NOTE: All products on these pages are experimental and should NOT be considered an official forecast. Please refer to the National Hurricane Center for official forecasts.
This website provides experimental 48 h, 120 h, and 168 h tropical cyclone (TC) genesis probabilities based on genesis forecasts from global numerical models. The genesis probabilities are based on logistic regression models that were developed for each global model and each basin. Genesis probabilities based on forecasts from the CMC, GFS, NAVGEM, and UKMET are available.
INDIVIDUAL MODEL GRAPHICS
In order to view the genesis probabilities from each global model, hover over the "Graphics" tab and select the time period of interest. When the TC genesis criteria are met, these graphics will include a plot of the forecast genesis location, time relative to the model initialization time, and probability. The model-forecast post-genesis track is also plotted.
INDIVIDUAL MODEL TEXT OUTPUT PAGES
The same information that is displayed in the graphics is also available in text format. Hover over the "Text" tab and select the model of interest. Each model text page has three products: "Tropical Disturbance Information," "Tropical Cyclone Information," and "Model-Indicated TC History."
To provide added detail, the "Tropical Disturbance Information" page displays the values of the criteria used to define TC genesis (i.e., MSLP minimum, 850mb relative vorticity, 250-850mb thickness, and 925mb wind speed maxima). If a threshold value is not met, that value is enclosed in parentheses. This gives the user insight into why an area of low pressure may not have been classified as a TC according to our algorithm.
The "Tropical Cyclone Information" page provides the forecast genesis time and location, as well as the 48 h, 120 h, and 168 h genesis probabilities. This is intended to be a quick-reference or summary product.
The "Model-Indicated TC History" page shows all genesis times, locations, and probabilities for each model-indicated TC. It gives the user information regarding how consistent a model has been at predicting genesis for a given system and how the genesis probabilities have evolved.
MULTI-MODEL CONSENSUS PROBABILITIES
When multiple global models predict the same TC genesis event, the individual genesis probabilities are combined to create one consensus probability for a given disturbance. In addition to the genesis probability, the mean location and a list of the models forecasting genesis for that disturbance are printed. This information is available graphically (located on the homepage for each basin) and in text format (under the "Text" tab). If data from one or more models are unavailable, the graphic will indicate which models are available and the probabilities will be enclosed in brackets. If an active TC exists, its current location will be denoted by a red "L".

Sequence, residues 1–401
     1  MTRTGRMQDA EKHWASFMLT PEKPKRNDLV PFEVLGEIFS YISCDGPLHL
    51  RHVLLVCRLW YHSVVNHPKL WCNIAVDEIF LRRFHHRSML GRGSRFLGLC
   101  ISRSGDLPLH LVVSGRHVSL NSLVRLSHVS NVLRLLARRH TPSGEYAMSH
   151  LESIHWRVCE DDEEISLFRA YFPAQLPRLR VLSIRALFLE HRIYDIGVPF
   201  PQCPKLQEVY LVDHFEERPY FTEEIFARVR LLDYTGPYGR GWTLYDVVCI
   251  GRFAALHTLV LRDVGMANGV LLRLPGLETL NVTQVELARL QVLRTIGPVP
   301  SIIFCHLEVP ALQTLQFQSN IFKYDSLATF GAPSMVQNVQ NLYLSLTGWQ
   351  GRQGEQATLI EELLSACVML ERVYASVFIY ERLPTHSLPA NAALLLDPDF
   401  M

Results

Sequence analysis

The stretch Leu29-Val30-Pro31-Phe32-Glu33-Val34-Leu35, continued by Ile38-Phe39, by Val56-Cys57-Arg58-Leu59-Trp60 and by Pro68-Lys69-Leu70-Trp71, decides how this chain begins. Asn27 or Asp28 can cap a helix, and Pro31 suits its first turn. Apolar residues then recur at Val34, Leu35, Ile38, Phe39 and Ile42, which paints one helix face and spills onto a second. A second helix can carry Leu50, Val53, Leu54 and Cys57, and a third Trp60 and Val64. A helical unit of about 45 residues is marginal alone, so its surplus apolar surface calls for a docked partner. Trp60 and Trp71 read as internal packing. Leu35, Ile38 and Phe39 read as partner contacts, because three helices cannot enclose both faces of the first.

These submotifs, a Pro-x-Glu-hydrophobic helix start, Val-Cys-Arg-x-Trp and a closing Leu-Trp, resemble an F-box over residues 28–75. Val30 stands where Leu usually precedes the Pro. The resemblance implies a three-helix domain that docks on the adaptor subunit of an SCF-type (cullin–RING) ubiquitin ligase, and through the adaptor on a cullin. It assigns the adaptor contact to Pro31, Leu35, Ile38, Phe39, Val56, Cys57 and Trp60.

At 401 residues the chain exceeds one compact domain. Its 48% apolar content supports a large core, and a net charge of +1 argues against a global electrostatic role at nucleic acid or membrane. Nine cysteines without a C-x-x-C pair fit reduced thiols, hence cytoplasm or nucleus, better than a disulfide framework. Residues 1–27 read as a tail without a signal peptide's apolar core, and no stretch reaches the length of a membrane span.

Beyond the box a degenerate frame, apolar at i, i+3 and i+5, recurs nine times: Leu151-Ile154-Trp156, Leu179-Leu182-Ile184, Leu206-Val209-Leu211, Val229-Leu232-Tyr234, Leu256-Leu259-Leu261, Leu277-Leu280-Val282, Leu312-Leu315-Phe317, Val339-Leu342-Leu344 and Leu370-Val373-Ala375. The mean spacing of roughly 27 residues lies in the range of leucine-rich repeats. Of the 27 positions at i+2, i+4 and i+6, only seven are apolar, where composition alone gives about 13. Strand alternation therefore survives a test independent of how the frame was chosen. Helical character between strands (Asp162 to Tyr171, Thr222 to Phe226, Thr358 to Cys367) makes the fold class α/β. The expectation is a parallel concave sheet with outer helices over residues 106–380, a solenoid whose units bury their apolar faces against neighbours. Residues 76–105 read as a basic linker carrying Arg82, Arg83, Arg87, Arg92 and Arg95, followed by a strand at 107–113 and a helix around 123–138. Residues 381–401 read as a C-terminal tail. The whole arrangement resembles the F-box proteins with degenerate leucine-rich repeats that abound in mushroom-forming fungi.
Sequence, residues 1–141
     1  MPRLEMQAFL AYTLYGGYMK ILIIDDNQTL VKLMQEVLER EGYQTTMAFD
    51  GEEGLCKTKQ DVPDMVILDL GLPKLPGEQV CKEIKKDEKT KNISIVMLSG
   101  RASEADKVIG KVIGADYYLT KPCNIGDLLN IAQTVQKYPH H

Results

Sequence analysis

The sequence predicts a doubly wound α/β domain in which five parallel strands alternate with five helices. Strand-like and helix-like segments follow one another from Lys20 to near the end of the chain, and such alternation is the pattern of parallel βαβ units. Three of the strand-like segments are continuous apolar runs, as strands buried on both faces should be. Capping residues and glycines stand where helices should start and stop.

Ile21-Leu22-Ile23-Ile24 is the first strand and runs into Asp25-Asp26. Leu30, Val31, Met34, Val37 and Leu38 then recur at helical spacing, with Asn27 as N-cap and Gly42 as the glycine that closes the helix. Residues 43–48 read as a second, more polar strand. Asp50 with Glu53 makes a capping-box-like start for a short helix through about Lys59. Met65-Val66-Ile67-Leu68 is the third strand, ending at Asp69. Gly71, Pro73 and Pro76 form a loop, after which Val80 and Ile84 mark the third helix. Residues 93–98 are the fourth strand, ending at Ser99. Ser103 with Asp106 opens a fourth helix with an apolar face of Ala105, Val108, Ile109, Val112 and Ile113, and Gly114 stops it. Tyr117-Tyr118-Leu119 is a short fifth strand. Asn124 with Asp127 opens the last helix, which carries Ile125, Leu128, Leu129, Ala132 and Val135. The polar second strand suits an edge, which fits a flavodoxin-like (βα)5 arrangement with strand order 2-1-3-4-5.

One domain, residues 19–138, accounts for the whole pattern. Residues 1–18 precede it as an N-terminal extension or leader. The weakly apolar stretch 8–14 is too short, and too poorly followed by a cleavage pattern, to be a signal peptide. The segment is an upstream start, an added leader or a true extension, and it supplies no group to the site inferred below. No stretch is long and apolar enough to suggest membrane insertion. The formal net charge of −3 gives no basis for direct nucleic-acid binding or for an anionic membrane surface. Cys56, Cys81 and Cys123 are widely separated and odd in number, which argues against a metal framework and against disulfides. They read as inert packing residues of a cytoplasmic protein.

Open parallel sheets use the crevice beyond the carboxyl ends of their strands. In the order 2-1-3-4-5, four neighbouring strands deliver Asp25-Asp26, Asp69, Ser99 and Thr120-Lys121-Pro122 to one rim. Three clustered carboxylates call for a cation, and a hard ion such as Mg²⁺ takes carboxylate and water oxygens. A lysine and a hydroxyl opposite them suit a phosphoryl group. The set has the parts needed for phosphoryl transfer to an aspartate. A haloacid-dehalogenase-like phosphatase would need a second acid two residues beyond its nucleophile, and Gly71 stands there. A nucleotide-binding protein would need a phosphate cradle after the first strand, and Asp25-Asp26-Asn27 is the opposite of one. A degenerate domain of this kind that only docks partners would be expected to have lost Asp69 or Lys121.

Season-to-date verification products are available for users to determine how well the probabilities are performing in real-time. Hover over the "Verification" tab and select "This Season". The geographic plots show the locations of genesis events. The colors reflect the genesis probability. The events are plotted as a circle when genesis did occur and as an "X" when genesis did not occur. Reliability diagrams are also provided. We caution that small sample sizes, especially at the beginning of the season, will limit the usefulness of the reliability diagrams.
DEFINING A TC IN THE MODEL FORECAST FIELDS
Each forecast of TC genesis is a result of several criteria being met. Specifically, for each model initialization cycle, the TC identification algorithm searches for:
1. A relative minimum in mean sea level pressure (MSLP) with at least one closed isobar at a 2mb interval.
2. A relative maximum in 850mb relative vorticity which is horizontally displaced less than 2 degrees lat/lon from the MSLP minimum.*
3. A relative maximum in 250-850mb thickness which is horiztonally displaced less than 2 degrees lat/lon from the MSLP minimum.*
4. The maximum wind speed at 925mb at any point less than 5 degrees lat/lon from the MSLP minimum.*
*Indicates that a threshold value must be exceeded.
If criteria 1-4 are met for at least one forecast time (e.g., forecast hour 12), then we would classify this as a 'tropical disturbance.' However, if criteria 1-4 exist for at least 24 consecutive forecast hours in the model cycle (e.g., forecast hours 12, 18, 24, 30, 36), then we would classify the system as a 'tropical cyclone' with a genesis time at forecast hour 12. This distinction is important for the text output pages (described in the next section).
For additional information on the tracking algorithm and how each TC genesis event in the developmental dataset is classified, please refer to:
Halperin, D. J., H. E. Fuelberg, R. E. Hart, J. H. Cossuth, P. Sura, and R. J. Pasch, 2013: An evaluation of tropical cyclone genesis forecasts from global numerical models. Wea. Forecasting. 28 (6), 1423-1445.
Halperin, D. J., H. E. Fuelberg, R. E. Hart, and J. H. Cossuth, 2016: Verification of tropical cyclone genesis forecasts from global numerical models: Comparisons between the North Atlantic and eastern North Pacific basins. Wea. Forecasting. 31 (3), 947-955.
For additional information on the development of the logistic regression equations and real-time TC genesis guidance products, please refer to:
Halperin, D. J., R. E. Hart, H. E. Fuelberg, and J. H. Cossuth, 2017: The development and evaluation of a statistical-dynamical tropical cyclone genesis guidance tool. Wea. Forecasting. 32 (1), 27-46.